As dairy and poultry farmers work to limit losses related to avian flu, they are learning the virus can be transmitted in a wide variety of ways.

Vectors can include, for example, wild waterfowl water contaminating by swimming in dairy farms’ lagoons. 

Changes in farm practices such as stopping the pumping of water that might be contaminated by the virus into dairies for cleaning could save livestock and poultry producers money and improve the reputations of products and facilities, experts say.

“The risk factor increases with every point of contact between people and infected animals. It also increases with every point of contact between infected birds and dairy cows,” said Maurice Pitesky, associate professor of veterinary medicine at the University of California, Davis. 

Maurice Pitesky.jpegMaurice Pitesky | Photo by Don Preisler

Pitesky, who is also an associate specialist in cooperative extension for the University of California, said the virus can be spread by contact with mud or dirt. Individuals who do not wear protective gear or fail to change their clothes and shoes before entering a poultry or dairy facility could be vectors. 

“Say an active hunter or a hiker previously observing wild birds in the wetlands walked into a dairy or poultry facility without taking any precautionary measures, like wearing foot coverings and spraying their shoes. This would increase the risk for the facility. This is ultimately why these facilities go to great lengths to prevent this type of scenario,” said Pitesky.

James Roth, director of Iowa State University’s Center for Food Security and Public Health, said the virus in lactating cattle is extremely similar to the one in commercial poultry. Currently the virus is only known to infect the mammary gland of lactating cows, not young or male cattle.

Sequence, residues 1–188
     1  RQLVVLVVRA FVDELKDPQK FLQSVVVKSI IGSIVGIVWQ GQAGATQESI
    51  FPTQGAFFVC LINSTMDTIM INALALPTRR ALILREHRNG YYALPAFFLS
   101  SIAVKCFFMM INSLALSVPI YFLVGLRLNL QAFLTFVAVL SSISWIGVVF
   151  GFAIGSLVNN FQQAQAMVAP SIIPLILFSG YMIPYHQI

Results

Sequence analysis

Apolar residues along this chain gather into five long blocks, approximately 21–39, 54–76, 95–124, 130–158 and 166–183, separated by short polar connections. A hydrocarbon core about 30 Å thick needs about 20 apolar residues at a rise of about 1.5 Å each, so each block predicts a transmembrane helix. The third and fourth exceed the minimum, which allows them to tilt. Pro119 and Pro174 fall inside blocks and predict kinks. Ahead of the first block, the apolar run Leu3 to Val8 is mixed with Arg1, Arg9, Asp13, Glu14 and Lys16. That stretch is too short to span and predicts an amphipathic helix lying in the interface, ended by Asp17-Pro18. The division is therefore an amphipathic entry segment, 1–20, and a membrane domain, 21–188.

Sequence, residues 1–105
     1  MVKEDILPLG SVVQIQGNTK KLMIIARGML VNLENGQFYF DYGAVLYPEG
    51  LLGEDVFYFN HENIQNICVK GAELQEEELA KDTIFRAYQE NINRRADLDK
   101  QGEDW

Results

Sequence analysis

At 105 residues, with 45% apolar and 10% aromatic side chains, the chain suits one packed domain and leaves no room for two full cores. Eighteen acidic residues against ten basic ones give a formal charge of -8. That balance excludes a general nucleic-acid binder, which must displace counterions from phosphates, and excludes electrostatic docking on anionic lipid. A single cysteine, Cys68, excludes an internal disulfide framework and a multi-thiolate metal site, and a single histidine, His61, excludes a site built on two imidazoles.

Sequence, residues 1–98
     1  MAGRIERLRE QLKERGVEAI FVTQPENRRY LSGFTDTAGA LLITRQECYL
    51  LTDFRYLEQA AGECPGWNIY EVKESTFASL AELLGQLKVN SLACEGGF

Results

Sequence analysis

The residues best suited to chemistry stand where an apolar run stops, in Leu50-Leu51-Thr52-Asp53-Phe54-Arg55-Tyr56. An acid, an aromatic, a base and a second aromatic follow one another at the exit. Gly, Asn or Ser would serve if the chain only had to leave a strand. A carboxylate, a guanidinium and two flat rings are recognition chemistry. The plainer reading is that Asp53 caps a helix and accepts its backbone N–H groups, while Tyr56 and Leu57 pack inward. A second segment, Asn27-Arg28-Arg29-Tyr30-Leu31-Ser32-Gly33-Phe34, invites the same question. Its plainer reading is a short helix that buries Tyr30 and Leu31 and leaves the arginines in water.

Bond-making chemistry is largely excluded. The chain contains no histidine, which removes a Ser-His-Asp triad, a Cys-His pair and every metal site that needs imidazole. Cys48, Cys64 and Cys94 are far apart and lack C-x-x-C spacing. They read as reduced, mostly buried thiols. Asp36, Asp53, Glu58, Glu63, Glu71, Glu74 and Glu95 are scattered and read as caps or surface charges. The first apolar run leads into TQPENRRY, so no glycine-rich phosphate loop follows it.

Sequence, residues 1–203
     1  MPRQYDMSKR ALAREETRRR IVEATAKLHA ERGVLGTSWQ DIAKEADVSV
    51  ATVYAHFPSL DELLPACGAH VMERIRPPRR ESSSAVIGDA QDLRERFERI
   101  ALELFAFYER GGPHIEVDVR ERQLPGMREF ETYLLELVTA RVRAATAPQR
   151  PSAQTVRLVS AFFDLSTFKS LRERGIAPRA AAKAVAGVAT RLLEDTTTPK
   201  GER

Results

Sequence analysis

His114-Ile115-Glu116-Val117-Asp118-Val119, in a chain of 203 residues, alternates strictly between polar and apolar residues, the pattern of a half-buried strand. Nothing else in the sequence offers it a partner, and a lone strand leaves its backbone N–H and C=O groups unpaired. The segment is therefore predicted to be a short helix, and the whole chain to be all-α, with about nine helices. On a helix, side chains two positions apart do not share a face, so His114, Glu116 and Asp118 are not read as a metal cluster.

Cows produce an extremely high amount of the virus in the milk. USDA is addressing the spread of the virus by requiring the testing of lactating cows before movement between states and state rules that prohibit the movement of cattle from affected dairies in the same state. 

Roth said consumption of pasteurized milk is not a public health concern because the pasteurization process kills the virus.  FDA tests have indicated there are fragments of avian flu virus in milk products in grocery stores in areas with affected cows, but the virus is dead and polymerase chain reaction tests used to detect the virus are extremely sensitive.

"Currently people are not easily susceptible to the virus. Biosecurity measures such as wearing disposable gloves, eye protection, and face masks in milking parlors are helpful. In hot, wet environments like milking parlors, typical face masks become ineffective. Yet even without masks, we’ve only seen one case of a person contracting the avian flu virus in a dairy. That person had mild infection and recovered,” said Roth.

Roth added the virus is highly pathogenic in poultry because it kills 90% of birds. The biggest problem for dairy facilities is a temporary lower production, with a few cows potentially not returning to full production. 

Researchers at universities and vaccine companies are working on an avian flu vaccine for cattle. Once developed, the vaccine would need to be approved through USDA’s process, manufactured, and distributed.

Researchers at Iowa State University and other institutions are also looking at testing bulk milk samples as a way to monitor herds. Once developed, the method must be validated, which takes time. 

"Right now, with the virus present in lactating cows in nine states, facilities should abide by biosecurity measures that focus on milk. The biosecurity measures for poultry are working OK, though not perfectly. Biosecurity is inconvenient and expensive, and has to be done every day by everyone all the time,” said Roth. 

Concern regarding activists and poultry 

An April report by the California Department of Food and Agriculture and USDA suggests activists who entered California poultry facilities in Sonoma County could have spread the virus that required the farms to euthanize thousands of birds.